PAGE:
We don't have to go out in the woods. All we need to do is take a time out, to take care of the other things God has given us.

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November 06, 2004

A Frightening Day, and other political rants

I just read Kristof. And I agree with him.

This is tough to admit. And I don't really like the implications of what he has to say -- especially if the Democrats listen to him. He's basically callling the Dems to pay attention to the people that they just assumed would vote for them.

I'd like to see the Democrats become more than the ultra-left version of ultra-right Republicans. This election was painful -- mainly because for so many people, there wasn't an option. I am very impressed that so few people fell for the third-party candidates -- it show that the American people at least know that you have to have some kind of backing in Congress to make any impact.

What I'm hoping to see, in a couple years, is a third party who actually cares about Senate seats. A third party who wants to work in state politics. A third party that is as concerned about winning the governor's mansion as the White House. That would be a third party that is in it for the long haul. And it would be a third party that would have a credible chance at the White House in 2012 or 2016.

It might even be a third party that I could support. The Libertarians could do it; so could the Constitution Party, if they got a little more realistic in their foreign policy. The Green party could do it, though they will still end up skewing further left, just as the Connies would skew further right. A viable third part would make politics interesting again for a lot of people.

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November 05, 2004

Map Two from the post below


This is what I was trying to post. Thanks to Spare Change for posting a .joeg! Posted by Hello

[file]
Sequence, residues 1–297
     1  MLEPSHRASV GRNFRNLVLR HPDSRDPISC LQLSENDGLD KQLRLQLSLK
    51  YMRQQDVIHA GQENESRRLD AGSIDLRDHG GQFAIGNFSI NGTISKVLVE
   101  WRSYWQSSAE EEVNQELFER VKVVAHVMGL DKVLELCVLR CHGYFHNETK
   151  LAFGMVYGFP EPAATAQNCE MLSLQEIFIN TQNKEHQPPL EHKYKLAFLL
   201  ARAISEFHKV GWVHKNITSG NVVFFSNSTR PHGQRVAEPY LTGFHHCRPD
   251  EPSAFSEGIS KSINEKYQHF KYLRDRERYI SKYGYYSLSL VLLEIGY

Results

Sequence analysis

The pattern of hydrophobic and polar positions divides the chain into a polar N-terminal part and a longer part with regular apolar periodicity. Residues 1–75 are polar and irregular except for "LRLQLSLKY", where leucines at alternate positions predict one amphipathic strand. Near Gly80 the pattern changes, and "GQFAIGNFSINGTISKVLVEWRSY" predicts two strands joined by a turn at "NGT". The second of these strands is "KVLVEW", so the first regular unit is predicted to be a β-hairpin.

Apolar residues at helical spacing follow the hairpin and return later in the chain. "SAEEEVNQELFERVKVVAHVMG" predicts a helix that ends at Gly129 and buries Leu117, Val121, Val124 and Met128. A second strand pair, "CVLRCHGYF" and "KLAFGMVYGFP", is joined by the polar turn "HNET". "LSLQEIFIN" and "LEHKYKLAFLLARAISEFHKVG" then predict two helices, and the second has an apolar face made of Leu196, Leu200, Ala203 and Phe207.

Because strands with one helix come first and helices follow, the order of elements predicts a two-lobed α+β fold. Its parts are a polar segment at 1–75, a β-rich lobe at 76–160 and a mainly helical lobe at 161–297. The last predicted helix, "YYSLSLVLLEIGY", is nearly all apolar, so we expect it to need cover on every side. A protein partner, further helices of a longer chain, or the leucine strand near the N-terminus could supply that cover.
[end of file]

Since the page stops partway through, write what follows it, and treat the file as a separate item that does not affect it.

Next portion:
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A Tale of Two Maps


Is this the America that YOU see?? Posted by Hello

This is the view that many people on the Left have since the election. Now look at this map (thanks to GetReligion -- stupid Hello won't post .gif files). That is a map of the actual election -- NOT by state, but by district. Soo ALL those red spots -- with little blue dots mingled in? THAT is what the nation looks like -- and those blue dots are carrying a LOT more clout than they deserve. They want to preserve democracy? That means rule by majority, folks -- and the red states (and districts) are the majority. Cope with it. Or cry in your beer. It really doesn't matter to me right now. But remember -- democracy works.

And yes, I know this is actually a representative democracy -- maybe a federal republic, as I've heard before. Point is -- the system has spoken. If you want to complain, get a time machine and whine to the founding fathers. Or get organized and try again in two years.

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November 03, 2004

A Word of Thanks

First, I'd like to thank those of you who joined me in a prayer for our nation and the election.

More importantly, I want to ask you to join me in a prayer of thanksgiving to the One who guided the results and reminded me once again that if I look to Him and not CNN I'll find the true answers.

Dear Heavenly Father,

Thank you for guiding our election.
Thank you for giving us a leader who lives his beliefs everyday.
Thank you for helping us learn to rely on You and Your Son.

Please continue to lead us in Your direction.

Let us come together as a nation, while following Your laws.
Let us love our adversaries, without accepting their wrongdoing.
Let us support our leaders, whether we voted for them or not, through prayer.

Lord, make me a good citizen and an even better child of the kingdom.
May I witness for you while standing on Your holy word.

In Jesus' name,
Amen

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One Sure Thing

Gay marriage has been soundly defeated. It's clear from the results in the 11 states who were voting on the issue that the majority of Americans are opposed to recognizing same-sex marriages as legitimate.